Anecdotal

I was recently having a conversation with two very intelligent and politically well-informed people, both of whom were shocked when I said that I knew from first hand experience that parts of our federal government are not corrupt. My friends were shocked not because they believed me, but rather from astonishment that I could be so hopelessly naive as to not realize that our government is rotten to the core, a hopeless miasma of stinking corruption, with everyone on the take.

In a wish to help me through my unfortunate gaffe, one of my conversants helpfully pointed out that my experience was, by definition, merely anecdotal, and therefore could seem real to me while not actually bearing any relation to reality.

It took me quite a while to realize what was going on in the conversation, and then only a bit longer to take them through the nature of my experience. I explained that my experience has mainly been with the NSF. Over the course of many years, interacting with an extremely large number of program officers, I have found every one of them not only to be scrupulous in ethics, but to go quite a bit further.

For example, whenever a junior faculty member is naive or inexperienced enough to offer to pay for lunch, NSF program officers will invariably explain, in a patient yet respectful manner, that they must never take money from their academic colleagues for lunch, for travel, for housing, or for anything else. Sometimes the program officer will cite the exact governing statutes, just to clarify the point. More recently I have interacted with representatives of the Obama administration’s Department of Education, and have found them to be exactly the same in this regard.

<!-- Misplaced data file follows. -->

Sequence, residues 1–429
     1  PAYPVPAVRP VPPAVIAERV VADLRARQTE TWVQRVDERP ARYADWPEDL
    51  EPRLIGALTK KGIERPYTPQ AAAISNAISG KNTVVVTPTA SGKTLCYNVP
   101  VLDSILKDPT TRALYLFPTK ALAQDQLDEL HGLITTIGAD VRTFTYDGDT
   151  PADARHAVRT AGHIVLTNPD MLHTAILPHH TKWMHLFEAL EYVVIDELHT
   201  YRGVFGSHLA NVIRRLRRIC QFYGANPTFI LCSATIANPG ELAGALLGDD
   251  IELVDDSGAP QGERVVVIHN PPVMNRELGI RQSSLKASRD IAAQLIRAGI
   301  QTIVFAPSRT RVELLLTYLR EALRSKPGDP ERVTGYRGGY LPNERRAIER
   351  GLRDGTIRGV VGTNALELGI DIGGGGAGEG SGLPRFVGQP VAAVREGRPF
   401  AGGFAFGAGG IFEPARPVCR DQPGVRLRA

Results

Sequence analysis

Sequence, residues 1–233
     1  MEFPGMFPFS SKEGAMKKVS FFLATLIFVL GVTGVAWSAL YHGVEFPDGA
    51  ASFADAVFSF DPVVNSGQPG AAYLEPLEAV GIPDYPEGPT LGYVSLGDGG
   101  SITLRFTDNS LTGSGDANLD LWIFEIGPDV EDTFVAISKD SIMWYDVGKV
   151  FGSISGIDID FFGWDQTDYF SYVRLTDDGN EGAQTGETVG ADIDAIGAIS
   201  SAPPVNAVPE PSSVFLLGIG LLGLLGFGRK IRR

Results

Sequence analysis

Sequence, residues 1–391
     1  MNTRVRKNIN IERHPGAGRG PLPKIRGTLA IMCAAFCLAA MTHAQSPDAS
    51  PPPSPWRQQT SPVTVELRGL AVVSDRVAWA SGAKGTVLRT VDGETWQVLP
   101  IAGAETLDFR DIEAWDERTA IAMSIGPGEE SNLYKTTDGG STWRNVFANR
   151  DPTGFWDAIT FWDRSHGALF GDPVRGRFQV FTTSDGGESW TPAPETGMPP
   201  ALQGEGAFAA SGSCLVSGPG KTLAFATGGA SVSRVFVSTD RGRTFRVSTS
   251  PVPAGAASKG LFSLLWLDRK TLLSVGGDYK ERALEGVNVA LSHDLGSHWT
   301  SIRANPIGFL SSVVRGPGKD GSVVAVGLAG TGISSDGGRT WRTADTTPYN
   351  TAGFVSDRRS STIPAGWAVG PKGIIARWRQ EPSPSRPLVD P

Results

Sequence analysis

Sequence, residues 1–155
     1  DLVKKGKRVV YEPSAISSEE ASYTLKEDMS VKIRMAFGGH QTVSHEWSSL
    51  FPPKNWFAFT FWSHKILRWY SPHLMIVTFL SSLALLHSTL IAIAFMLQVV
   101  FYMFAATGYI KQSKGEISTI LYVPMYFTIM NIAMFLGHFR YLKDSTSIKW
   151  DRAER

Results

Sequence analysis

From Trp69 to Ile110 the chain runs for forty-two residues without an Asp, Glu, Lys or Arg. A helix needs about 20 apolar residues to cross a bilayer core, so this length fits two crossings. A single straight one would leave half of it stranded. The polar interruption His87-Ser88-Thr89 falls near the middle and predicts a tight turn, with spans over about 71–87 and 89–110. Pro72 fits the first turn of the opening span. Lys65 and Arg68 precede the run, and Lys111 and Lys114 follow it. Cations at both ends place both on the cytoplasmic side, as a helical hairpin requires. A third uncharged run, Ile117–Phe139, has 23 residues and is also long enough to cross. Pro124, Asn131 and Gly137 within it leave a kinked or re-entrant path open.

After I explained all this, my acquaintances finally acknowledged that this constituted more than “anecdotal” evidence. But they still did not budge on my larger point, which was that such successful models of uncorrupt governance could, with diligence, find their way into other parts of the government.

On this last point, my friends simply looked at me with a combination of pity and fondness. I think their fondness was in remembrance of a time in their lives when they too had been so naive and innocent. Before they had come to view all government, with the exception perhaps of a few oddly incongruous pockets of integrity here and there, as a seething pit of putrescent rot, a thing of horror and pestilence, the work of the very devil.

2 Responses to “Anecdotal”

  1. Andras says:

    Government can be many things simultaneously. Take as an example the U.S. attorney scandal wherein U.S. attorneys were targeted by the Bush administration for being insufficiently partisan.

    One could use this scandal to exemplify honor and corruption, exemplary due diligence and failed leadership, clarity of vision and a conspiracy of obfuscation, all at the same time.

    Why, in a discussion about government, would there ever be any miscommunication?

  2. admin says:

    That is a very good question. In the immortal words of Olive Oyl: “We find this out, we find out everything.”

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